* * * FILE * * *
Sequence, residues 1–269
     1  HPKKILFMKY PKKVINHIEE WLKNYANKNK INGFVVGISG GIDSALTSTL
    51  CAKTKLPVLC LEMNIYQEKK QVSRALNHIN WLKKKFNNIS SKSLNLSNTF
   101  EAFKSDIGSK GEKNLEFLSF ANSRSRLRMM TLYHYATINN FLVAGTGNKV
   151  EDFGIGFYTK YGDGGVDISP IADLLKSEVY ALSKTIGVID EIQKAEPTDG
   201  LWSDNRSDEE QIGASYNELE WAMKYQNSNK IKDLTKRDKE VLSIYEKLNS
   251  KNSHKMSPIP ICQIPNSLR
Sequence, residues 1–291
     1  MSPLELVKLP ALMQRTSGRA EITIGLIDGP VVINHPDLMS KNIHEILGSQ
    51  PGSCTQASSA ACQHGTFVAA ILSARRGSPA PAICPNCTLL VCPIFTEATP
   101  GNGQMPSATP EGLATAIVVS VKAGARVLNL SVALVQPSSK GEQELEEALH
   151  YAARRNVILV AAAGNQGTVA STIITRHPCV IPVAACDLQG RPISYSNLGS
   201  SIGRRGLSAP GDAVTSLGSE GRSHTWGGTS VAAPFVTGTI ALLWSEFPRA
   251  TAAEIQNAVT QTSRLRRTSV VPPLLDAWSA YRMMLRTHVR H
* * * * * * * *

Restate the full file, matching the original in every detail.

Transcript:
Sequence, residues 1–269
     1  HPKKILFMKY PKKVINHIEE WLKNYANKNK INGFVVGISG GIDSALTSTL
    51  CAKTKLPVLC LEMNIYQEKK QVSRALNHIN WLKKKFNNIS SKSLNLSNTF
   101  EAFKSDIGSK GEKNLEFLSF ANSRSRLRMM TLYHYATINN FLVAGTGNKV
   151  EDFGIGFYTK YGDGGVDISP IADLLKSEVY ALSKTIGVID EIQKAEPTDG
   201  LWSDNRSDEE QIGASYNELE WAMKYQNSNK IKDLTKRDKE VLSIYEKLNS
   251  KNSHKMSPIP ICQIPNSLR
Sequence, residues 1–291
     1  MSPLELVKLP ALMQRTSGRA EITIGLIDGP VVINHPDLMS KNIHEILGSQ
    51  PGSCTQASSA ACQHGTFVAA ILSARRGSPA PAICPNCTLL VCPIFTEATP
   101  GNGQMPSATP EGLATAIVVS VKAGARVLNL SVALVQPSSK GEQELEEALH
   151  YAARRNVILV AAAGNQGTVA STIITRHPCV IPVAACDLQG RPISYSNLGS
   201  SIGRRGLSAP GDAVTSLGSE GRSHTWGGTS VAAPFVTGTI ALLWSEFPRA
   251  TAAEIQNAVT QTSRLRRTSV VPPLLDAWSA YRMMLRTHVR H